Pacific Rim TPP and the Vietnamese Dong

Economics, Premium POM

One Small Weight in the AEC Asian Currency Unit

By JC Collins

It’s been a long time since we visited our good friend and little currency that could – the Vietnamese dong, otherwise known as the VND.  After numerous posts in the first few years or so of POM I’ve allowed the attention given to this topic to wane somewhat.  The amount of factual and reliable information regarding the VND is extremely limited and such a vacuum is filled with rumor and conjecture.

There are plenty of sites which promote this misleading information and I do not intend to have POM be one of them.  This is why I have focused past posts regarding this topic on factual information which has been made available.

Such information includes statements by the State Bank of Vietnam regarding the need to improve the exchange rate mechanism of the VND by pegging to a basket of currencies or to the currency of its largest trading partner, which happens to be China.

It also includes the implementation of a test exchange rate arrangement where the Chinese renminbi and the dong are directly convertible.  This is happening through the Pan-Asian FX Trading Center which is located on a border location between Vietnam and China.  Additional information on this center has been difficult to obtain.

Vietnamese monetary authorities have openly expressed the financial need to strengthen the dong and stabilize its exchange rate.  One of the missing components for this strategy has been a large surplus or foreign exchange reserves.

As most POM readers know one of the staples of the monetary theory presented here is that nations with large trade surpluses will experience currency appreciation in order to affect a more stable balance of payments framework.  The idea is that large trade surpluses develop because a currency is undervalued making exports cheaper.  Once a currency begins to appreciate those exports become more expensive which forces trade to shift.

Nations with overvalued currencies will experience a devaluation which will make their exports more affordable.  America is an example of the latter while China is an example of the former.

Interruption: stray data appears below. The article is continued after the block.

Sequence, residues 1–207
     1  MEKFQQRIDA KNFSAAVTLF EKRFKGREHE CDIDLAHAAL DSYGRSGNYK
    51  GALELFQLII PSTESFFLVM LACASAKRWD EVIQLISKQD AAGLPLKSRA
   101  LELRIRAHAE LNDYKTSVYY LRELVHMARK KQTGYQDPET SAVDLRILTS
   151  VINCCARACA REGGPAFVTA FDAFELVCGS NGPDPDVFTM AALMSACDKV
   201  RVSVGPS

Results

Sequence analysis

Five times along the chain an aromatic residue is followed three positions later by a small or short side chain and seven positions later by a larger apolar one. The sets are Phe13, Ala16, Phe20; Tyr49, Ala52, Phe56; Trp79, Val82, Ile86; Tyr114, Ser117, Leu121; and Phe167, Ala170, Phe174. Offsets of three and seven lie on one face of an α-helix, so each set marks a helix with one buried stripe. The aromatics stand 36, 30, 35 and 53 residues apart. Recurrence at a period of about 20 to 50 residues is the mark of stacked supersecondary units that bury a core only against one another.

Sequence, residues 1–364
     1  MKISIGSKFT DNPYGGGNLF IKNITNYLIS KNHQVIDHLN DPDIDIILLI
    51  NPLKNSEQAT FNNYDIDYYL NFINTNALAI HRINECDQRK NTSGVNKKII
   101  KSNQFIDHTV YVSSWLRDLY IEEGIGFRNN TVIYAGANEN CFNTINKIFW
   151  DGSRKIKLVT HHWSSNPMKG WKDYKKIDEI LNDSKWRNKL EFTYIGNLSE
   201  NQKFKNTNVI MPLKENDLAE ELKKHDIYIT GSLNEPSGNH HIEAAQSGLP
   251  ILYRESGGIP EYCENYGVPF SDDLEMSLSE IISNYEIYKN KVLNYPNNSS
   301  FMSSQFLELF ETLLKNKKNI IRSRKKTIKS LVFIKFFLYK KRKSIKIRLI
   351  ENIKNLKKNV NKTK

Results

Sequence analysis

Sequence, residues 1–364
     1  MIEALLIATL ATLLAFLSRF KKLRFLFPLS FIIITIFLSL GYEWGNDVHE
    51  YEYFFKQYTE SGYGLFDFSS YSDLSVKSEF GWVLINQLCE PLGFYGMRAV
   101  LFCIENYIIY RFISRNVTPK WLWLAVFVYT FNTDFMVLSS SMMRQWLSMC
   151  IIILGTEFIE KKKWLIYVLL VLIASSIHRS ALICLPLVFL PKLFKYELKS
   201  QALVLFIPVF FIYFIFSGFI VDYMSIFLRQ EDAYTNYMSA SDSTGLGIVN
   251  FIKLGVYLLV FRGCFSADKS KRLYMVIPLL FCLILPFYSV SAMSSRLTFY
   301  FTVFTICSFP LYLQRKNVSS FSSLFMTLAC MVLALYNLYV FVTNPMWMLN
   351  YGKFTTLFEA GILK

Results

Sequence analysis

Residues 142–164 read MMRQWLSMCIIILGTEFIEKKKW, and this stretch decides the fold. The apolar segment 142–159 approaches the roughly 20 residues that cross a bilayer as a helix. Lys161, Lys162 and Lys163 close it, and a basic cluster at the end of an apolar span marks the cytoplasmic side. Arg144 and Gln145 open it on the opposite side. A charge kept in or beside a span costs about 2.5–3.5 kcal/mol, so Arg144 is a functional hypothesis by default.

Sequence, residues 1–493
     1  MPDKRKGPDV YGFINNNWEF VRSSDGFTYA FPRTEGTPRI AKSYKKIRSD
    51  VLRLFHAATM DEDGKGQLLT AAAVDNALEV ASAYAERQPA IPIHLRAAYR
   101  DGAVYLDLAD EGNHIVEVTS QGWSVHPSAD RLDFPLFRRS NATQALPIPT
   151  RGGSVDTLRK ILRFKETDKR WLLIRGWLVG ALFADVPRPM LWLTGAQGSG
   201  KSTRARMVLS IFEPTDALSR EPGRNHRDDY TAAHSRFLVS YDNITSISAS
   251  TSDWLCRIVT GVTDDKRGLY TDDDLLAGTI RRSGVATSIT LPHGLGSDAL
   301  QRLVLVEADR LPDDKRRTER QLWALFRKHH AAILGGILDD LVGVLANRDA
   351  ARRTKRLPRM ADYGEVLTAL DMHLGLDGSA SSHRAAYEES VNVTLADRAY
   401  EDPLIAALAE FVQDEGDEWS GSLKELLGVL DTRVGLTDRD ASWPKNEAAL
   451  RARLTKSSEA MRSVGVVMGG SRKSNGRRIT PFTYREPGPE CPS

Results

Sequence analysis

As stated, Vietnam has not, to date, accumulated a large foreign exchange reserve.  But this is set to change with the implementation of the Trans-Pacific Partnership, otherwise known as the TPP.

With the TPP Vietnam will become the biggest winner of the 12 nation trade agreement.  The effects of this have not been openly expressed, and the financial and macroeconomic impacts on Vietnam are unknown.  This would include impacts on the exchange rate arrangement which the VND has maintained with the USD for decades.

It took seven years, but the US and Japan led TPP was finally signed in February.  Most analysts and framers of the TPP agree that Vietnam will benefit the most with higher exports, larger foreign direct investment flows, and an overall rise in economic growth.

The largest and most substantial increases will be realized in the exporting of textiles, garments, and consumer electronics.  All of this will contribute to an overall increase in Vietnams monetary and financial positioning, which will lead to an increase in foreign reserves.

Larger flows of foreign exchange reserves will grow Vietnam’s current account surplus, which will in turn create a larger demand for the VND to appreciate.  The exclusion of exchange rate controls in the TPP has been one of the biggest criticisms of the trade agreement.

In 2010 Vietnam had an account deficit of $4.3 billion USD.  A trade surplus of $1.3 billion had grown by 2015.  Though Vietnam is expected to have a deficit again this year, the implementation of the TPP can quickly turn this around once again and large trade surpluses will develop.

As a natural progression, as the current account surplus develops, investors will gain more confidence in the VND which will in turn create appreciation pressures.  This makes currency stabilization and appreciation one of the benefits of the TPP for Vietnam.

The wildcard in this equation is the creation of a regional currency unit for the ASEAN +3 AEC Trade Agreement.  In the post TPP and the AEC – Parallel Trade Agreements, we reviewed the mandates of both agreements and how Vietnam will be the biggest winner from both.

The AEC will require the creation of an Asian Currency Unit (ACU) to function in the same manner which the European Currency Unit was the predecessor to the euro as the common economic zone developed.  The AEC and the ACU will serve the same function.

The State Bank of Vietnam has already expressed its willingness to de-peg the VND from the USD and peg to a currency basket.  This is likely a reference to a forthcoming ACU for use in the AEC.  Considering the connection and hinge between east and west characteristic of both the TPP and AEC, we can only speculate on timeframes and fully implementation of the strategy discussed above.

The mandates of the multilateral monetary framework are to rebalance and prevent the accumulation of large foreign exchange reserves and trade surpluses.  This positions the VND well for a future appreciation.  It is still the small currency that can, and I still believe in its potential as an important part of an overall and diversified FX investment strategy.  – JC